The stories of Yasunari Kawabata evoke an unmistakably Japanese atmosphere in their delicacy, understatement, and lyrical description. Like his later works, First Snow on Fuji is concerned with forms of presence and absence, with being, with memory and loss of memory, with not-knowing. Kawabata lets us slide into the lives of people who have been shattered by war, loss, and longing. These stories are beautiful and melancholy, filled with Kawabata’s unerring vision of human psychology. First Snow on Fuji was originally published in Japan in 1958, ten years before Kawabata received the Nobel Prize. Kawabata selected the stories for this collection himself, and the result is a stunning assembly of disparate moods and genres. This new edition is the first to be published in English.
First Snow on Fuji (Revised)
Translated by Michael Emmerich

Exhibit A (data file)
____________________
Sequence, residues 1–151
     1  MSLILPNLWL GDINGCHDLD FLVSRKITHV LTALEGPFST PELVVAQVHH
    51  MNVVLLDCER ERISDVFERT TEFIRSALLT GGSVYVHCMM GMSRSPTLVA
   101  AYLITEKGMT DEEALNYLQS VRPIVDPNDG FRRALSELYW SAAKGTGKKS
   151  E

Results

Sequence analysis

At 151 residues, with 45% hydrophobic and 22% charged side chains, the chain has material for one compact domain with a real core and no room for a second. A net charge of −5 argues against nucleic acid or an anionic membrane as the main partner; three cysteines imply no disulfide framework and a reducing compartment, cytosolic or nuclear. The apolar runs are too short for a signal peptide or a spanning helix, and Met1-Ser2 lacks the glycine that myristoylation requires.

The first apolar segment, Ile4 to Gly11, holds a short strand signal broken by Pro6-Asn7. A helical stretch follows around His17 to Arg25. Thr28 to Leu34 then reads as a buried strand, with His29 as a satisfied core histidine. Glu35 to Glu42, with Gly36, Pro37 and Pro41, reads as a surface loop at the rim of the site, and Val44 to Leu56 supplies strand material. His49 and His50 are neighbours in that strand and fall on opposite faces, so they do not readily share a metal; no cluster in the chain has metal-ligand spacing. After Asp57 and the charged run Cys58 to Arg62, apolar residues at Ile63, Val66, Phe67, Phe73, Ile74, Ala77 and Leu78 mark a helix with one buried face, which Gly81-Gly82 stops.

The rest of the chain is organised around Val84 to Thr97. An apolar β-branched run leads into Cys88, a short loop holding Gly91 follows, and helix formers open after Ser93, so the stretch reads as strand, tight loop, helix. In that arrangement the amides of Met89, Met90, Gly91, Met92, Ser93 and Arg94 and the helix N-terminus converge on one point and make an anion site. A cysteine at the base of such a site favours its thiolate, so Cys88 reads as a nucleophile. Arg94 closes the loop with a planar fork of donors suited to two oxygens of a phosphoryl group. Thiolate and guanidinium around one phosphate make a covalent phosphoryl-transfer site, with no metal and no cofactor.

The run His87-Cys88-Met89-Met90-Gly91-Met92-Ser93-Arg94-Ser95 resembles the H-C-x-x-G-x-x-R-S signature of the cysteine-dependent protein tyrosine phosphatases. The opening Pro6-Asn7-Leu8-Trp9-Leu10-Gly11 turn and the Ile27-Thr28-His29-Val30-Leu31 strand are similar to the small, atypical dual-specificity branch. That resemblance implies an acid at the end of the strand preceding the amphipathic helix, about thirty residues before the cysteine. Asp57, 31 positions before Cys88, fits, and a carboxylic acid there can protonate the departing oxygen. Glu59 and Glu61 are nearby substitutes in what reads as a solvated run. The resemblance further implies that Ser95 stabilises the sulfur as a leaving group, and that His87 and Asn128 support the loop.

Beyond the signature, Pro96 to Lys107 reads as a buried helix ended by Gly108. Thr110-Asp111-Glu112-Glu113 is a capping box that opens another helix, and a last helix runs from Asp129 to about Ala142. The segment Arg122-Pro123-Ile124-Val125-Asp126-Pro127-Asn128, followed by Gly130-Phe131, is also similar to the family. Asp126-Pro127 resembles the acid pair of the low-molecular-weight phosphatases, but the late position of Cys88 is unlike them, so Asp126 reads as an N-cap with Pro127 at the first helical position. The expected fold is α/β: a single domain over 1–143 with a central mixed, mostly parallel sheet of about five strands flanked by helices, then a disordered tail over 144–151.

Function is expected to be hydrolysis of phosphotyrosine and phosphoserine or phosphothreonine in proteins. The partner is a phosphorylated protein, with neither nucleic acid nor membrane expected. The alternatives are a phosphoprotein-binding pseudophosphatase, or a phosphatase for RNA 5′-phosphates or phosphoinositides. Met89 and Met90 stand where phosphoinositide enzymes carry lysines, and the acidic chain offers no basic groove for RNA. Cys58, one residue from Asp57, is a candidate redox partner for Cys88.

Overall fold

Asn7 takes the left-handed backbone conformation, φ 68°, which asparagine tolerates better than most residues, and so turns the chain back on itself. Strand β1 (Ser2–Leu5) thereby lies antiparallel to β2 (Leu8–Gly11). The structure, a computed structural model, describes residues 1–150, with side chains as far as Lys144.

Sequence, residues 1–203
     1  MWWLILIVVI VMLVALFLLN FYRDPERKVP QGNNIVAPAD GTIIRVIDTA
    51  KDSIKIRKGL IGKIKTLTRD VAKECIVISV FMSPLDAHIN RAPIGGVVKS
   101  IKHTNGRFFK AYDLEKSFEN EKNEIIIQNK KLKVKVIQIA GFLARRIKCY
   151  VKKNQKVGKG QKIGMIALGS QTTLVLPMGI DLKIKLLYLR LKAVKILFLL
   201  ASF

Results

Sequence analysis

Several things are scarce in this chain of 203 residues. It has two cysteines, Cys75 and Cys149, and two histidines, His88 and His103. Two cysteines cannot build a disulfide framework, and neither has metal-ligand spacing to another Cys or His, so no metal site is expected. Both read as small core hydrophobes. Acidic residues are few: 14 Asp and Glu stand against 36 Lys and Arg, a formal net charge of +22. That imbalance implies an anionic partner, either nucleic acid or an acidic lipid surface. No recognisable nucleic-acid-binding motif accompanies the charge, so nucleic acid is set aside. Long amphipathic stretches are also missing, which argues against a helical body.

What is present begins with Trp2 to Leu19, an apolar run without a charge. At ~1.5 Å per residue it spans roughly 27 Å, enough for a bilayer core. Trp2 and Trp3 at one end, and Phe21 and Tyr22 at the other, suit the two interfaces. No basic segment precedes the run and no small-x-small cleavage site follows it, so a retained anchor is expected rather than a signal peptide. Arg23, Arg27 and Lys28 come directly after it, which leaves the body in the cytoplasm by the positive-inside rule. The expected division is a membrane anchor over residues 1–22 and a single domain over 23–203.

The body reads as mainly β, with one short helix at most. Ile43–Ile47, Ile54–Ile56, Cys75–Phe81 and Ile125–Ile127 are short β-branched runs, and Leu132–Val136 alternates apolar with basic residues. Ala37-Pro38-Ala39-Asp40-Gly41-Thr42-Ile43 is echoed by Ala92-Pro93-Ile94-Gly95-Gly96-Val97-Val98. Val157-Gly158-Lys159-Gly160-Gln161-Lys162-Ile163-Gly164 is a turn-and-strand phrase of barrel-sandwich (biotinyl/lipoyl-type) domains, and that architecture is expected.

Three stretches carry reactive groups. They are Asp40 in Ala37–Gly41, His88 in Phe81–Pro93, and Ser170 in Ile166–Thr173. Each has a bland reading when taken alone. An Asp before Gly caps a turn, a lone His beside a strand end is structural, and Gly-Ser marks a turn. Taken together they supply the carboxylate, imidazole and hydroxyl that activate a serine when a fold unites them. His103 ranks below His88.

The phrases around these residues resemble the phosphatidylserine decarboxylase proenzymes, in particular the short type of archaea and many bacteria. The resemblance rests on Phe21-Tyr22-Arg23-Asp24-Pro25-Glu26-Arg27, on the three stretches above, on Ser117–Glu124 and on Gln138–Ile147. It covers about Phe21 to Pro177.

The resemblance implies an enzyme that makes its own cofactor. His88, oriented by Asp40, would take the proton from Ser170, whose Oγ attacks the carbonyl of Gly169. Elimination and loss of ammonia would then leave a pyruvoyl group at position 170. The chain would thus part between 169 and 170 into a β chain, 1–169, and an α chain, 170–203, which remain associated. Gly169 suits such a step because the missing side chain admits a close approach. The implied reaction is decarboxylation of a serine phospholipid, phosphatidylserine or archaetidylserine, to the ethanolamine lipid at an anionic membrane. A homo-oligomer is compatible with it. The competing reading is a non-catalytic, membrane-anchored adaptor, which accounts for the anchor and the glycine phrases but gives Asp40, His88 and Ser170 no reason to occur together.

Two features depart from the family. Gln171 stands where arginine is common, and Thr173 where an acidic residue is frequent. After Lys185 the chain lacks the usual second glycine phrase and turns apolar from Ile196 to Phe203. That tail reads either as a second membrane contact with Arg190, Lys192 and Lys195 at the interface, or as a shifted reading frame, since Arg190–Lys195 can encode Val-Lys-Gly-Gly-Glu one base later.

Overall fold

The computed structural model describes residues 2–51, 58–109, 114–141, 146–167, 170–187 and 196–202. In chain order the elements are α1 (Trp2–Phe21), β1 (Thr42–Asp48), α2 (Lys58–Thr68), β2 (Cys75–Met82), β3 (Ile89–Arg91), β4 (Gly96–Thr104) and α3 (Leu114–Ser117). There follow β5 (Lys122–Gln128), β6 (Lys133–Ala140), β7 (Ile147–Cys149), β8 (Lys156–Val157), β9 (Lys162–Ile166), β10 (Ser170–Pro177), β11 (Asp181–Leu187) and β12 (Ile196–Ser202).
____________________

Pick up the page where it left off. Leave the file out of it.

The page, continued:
List Price: $15.95
YASUNARI KAWABATA born in 1899 in Osaka, Japan, was orphaned at the age of two. He established a reputation as Japan's leading novelist in the prewar years with such novels as Snow Country. After the war he continued to produce major novels, including Thousand Cranes and The Sound of the Mountain. He was the first Japanese artist to be recognized by the Nobel Committee. On receiving the Nobel Prize for Literature, he said that in his work he sought a harmony among man, nature, and emptiness. He committed suicide in 1972. J. MARTIN HOLMAN has taught Japanese and Korean literature at Wakayama University in Osaka, Japan. He has translated the works of both Korean authors and Kawabata's The Old Capital and Palm-of-the-Hand Stories.